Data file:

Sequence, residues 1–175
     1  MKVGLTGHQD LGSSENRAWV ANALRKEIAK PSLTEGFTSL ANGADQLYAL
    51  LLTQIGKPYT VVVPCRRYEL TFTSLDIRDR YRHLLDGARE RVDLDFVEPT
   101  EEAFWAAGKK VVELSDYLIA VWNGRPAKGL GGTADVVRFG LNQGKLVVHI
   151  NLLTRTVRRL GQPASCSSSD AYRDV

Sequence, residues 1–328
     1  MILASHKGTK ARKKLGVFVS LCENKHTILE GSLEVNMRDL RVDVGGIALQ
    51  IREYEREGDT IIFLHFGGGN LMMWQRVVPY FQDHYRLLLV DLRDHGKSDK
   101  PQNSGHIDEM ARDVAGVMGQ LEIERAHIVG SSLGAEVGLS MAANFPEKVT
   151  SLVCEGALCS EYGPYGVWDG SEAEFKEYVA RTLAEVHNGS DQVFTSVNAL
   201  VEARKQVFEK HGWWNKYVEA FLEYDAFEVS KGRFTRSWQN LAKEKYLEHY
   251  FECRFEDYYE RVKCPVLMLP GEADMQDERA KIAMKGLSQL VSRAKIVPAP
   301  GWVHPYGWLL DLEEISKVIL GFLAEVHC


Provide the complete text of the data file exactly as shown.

Sequence, residues 1–175
     1  MKVGLTGHQD LGSSENRAWV ANALRKEIAK PSLTEGFTSL ANGADQLYAL
    51  LLTQIGKPYT VVVPCRRYEL TFTSLDIRDR YRHLLDGARE RVDLDFVEPT
   101  EEAFWAAGKK VVELSDYLIA VWNGRPAKGL GGTADVVRFG LNQGKLVVHI
   151  NLLTRTVRRL GQPASCSSSD AYRDV

Sequence, residues 1–328
     1  MILASHKGTK ARKKLGVFVS LCENKHTILE GSLEVNMRDL RVDVGGIALQ
    51  IREYEREGDT IIFLHFGGGN LMMWQRVVPY FQDHYRLLLV DLRDHGKSDK
   101  PQNSGHIDEM ARDVAGVMGQ LEIERAHIVG SSLGAEVGLS MAANFPEKVT
   151  SLVCEGALCS EYGPYGVWDG SEAEFKEYVA RTLAEVHNGS DQVFTSVNAL
   201  VEARKQVFEK HGWWNKYVEA FLEYDAFEVS KGRFTRSWQN LAKEKYLEHY
   251  FECRFEDYYE RVKCPVLMLP GEADMQDERA KIAMKGLSQL VSRAKIVPAP
   301  GWVHPYGWLL DLEEISKVIL GFLAEVHC